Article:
The Hudson DAR museum is for local artifacts. The chapter also has a library that was given by Francis Hartley. The library was open to the public during the 1900s, before there was a Hudson library.
In 1980, Dorothy Avery was involved in a project called Jenkins’ Journey. She researched the history of the six original members of the Jenkins family who settled in Hudson from Nantucket and Providence Rhode Island. She describes how the town of Hudson came to be built. Dorothy helped copy all of the original proprietor’s minutes from committee meetings. Jenkins’ Journey was presented at the St. Charles Hotel in Hudson. All of the direct descendents of the Jenkins family were invited. The event was recorded and a copy is currently at the DAR Chapter House.
Sources she used for research were Ellis’s History of Columbia County and Munsell’s American Ancestry. Dorothy has used the City of Hudson Directories. They are found in the History Room at The Hudson Area Library. She has gone back to the 1600s for her genealogy research
Dorothy related the story of John McKinstry of Hudson and The Chief of The Indian tribe Thayendanegea, who was raised by Brant Family and was given the name Joseph Brant.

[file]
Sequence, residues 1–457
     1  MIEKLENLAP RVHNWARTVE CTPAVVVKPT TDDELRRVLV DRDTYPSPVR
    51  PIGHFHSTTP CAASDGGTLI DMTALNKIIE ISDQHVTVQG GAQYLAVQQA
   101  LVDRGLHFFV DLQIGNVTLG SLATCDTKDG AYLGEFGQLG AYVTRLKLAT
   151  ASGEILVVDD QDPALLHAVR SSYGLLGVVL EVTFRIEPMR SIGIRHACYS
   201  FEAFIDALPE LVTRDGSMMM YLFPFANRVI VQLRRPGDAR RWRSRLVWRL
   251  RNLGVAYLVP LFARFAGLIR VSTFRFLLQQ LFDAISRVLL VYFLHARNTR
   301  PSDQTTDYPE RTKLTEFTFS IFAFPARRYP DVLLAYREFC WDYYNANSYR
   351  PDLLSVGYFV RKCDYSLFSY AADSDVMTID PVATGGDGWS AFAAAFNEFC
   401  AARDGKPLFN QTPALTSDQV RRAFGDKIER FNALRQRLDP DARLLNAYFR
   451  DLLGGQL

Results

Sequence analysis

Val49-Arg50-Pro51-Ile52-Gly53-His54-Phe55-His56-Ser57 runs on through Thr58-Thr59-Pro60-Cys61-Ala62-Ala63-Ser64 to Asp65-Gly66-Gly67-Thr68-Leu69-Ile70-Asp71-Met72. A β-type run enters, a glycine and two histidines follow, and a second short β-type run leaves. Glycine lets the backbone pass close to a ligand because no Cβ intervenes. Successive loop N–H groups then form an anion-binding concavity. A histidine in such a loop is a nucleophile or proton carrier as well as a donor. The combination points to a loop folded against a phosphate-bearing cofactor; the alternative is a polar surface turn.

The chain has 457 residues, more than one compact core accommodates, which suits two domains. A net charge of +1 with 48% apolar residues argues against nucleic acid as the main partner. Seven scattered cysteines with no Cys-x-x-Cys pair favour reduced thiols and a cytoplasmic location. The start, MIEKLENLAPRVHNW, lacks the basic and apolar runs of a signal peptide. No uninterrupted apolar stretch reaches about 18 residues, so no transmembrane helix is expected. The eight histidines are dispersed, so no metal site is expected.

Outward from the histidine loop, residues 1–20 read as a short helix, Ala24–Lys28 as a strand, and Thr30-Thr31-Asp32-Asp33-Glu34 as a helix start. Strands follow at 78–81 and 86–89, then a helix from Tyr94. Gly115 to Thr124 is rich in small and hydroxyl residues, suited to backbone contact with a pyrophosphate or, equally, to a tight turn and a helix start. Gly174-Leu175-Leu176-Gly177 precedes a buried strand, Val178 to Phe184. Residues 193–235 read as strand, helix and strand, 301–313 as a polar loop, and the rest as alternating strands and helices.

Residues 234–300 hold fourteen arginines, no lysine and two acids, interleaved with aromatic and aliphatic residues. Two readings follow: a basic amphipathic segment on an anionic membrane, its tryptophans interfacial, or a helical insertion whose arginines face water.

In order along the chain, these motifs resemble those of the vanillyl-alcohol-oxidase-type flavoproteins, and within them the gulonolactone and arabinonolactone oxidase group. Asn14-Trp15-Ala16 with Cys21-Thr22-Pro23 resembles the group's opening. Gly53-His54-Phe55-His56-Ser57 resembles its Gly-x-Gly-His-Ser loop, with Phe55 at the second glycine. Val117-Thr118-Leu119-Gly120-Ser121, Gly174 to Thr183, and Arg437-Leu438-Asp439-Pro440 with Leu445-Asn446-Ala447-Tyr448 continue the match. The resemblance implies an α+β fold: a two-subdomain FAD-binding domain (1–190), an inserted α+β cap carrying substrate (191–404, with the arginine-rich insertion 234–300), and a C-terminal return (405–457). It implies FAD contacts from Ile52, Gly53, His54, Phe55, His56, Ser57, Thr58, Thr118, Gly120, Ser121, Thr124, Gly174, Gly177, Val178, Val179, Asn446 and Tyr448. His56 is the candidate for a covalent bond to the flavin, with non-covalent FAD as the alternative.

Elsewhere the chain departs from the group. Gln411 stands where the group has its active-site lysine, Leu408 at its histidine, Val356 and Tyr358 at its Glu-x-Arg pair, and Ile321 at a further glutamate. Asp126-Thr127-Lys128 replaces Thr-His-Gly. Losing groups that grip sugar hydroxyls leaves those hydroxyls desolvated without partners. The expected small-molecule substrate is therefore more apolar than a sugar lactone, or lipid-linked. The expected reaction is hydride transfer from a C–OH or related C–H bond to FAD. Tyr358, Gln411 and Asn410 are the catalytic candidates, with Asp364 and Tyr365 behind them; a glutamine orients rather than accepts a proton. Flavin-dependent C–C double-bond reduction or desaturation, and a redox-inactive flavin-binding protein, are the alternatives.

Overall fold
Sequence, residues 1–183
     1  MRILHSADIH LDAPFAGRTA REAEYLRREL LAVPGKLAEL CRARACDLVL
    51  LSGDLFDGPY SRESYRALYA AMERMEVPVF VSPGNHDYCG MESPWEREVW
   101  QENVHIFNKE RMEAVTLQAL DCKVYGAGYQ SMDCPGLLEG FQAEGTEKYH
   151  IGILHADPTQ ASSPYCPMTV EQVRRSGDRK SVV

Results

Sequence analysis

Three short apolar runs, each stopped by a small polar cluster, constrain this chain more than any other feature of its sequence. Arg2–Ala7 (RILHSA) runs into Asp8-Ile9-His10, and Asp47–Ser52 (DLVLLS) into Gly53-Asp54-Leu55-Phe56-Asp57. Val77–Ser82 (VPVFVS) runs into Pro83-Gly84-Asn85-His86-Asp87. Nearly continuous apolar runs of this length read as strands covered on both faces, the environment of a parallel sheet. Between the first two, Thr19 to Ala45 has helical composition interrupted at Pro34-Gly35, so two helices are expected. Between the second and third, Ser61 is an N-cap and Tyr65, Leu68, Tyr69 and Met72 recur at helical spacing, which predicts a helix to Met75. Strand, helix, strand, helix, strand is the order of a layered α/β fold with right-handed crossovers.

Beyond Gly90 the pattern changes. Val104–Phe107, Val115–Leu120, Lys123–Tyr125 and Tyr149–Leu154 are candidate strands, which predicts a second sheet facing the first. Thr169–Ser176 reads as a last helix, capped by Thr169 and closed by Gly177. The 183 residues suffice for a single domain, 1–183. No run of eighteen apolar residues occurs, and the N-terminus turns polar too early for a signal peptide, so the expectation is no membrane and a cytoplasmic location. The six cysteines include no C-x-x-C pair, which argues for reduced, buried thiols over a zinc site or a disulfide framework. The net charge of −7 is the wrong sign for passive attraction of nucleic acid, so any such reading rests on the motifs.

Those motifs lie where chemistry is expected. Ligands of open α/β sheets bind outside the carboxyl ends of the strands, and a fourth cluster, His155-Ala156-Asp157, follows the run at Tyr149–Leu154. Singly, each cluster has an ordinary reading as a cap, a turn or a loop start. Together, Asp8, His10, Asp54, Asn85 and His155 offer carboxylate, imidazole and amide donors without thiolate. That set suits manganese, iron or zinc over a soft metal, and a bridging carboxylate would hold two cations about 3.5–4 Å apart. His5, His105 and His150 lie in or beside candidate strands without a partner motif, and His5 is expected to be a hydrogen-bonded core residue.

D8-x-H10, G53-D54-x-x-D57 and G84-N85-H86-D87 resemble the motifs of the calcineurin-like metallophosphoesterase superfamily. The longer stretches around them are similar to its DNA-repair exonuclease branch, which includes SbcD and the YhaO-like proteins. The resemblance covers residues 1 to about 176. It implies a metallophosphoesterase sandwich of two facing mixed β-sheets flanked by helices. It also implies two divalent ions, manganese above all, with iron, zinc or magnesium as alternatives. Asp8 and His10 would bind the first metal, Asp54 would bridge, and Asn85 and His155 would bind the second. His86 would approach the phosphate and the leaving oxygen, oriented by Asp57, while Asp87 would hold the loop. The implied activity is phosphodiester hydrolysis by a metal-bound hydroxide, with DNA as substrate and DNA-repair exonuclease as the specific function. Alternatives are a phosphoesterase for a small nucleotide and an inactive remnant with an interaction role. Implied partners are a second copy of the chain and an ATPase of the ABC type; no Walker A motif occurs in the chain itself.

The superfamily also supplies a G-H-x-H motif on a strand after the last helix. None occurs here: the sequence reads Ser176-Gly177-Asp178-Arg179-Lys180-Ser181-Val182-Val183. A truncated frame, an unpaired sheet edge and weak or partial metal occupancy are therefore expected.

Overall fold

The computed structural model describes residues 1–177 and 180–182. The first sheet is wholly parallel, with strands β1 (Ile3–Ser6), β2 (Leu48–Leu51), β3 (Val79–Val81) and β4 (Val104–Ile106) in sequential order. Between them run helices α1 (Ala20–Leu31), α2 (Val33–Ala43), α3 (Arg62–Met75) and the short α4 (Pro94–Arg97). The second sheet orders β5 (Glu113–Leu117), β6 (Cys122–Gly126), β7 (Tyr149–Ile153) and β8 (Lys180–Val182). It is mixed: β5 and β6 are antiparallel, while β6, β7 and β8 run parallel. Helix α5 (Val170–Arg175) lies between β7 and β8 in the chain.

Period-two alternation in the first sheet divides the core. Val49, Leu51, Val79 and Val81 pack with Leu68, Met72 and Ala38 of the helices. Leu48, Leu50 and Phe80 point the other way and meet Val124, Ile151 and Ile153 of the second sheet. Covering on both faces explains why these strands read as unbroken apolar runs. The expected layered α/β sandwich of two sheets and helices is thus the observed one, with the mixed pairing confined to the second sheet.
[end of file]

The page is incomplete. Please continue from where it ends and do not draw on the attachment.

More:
Dorothy and Patricia Fenoff, the City Historian of Hudson and a DAR member, worked on a cemetery project in an effort to update the Gertrude Barber and Minnie Cohen Records that were done in the 1930s. Dorothy and Pat went around with chalk and paper and copied every stone in the Hudson and surrounding cemeteries. They typed and indexed all the gravestones. It took two years to complete the Hudson cemetery and eight years to complete the whole project.
Dorothy has decided she will give her Columbia county genealogy books to the Claverack Library. She also has microfilm of 1850, ‘55, ‘60 census records. 1850 was the first year since 1790 that the whole family is recorded with ages, place of birth, by townships. Original census books were located on the 2nd floor of the DMV building. Dorothy has Church records too.
She is a member of the Hudson Fortnightly Club. She is also Historian for the Auxiliary VFW (Veterans of Foreign Wars). And she is in charge of Veteran affairs for the DAR.
Dorothy has seen many changes in Hudson; once there were all kinds of stores, several drug stores, and Richman’s, but today there is no place to shop because there are just antique stores.
Melinda Braathen is a resident of Hudson, NY. She graduated from Bard College in 2007. She worked in publishing and the arts for three and a half years in Berlin, Germany and Oslo, Norway. She conducted a series of interviews with her own Norwegian grandmother, who worked underground in the resistance while Norway was occupied by Germany during WWII. She previously worked at Time & Space Limited in Hudson. She completed Suzanne Snider’s Oral History Summer School in 2012 and currently co-hosts the Monday Afternoon Show with Sara Kendall on WGXC Community Radio. The show is interview-based and focuses on people, politics, and cultural events.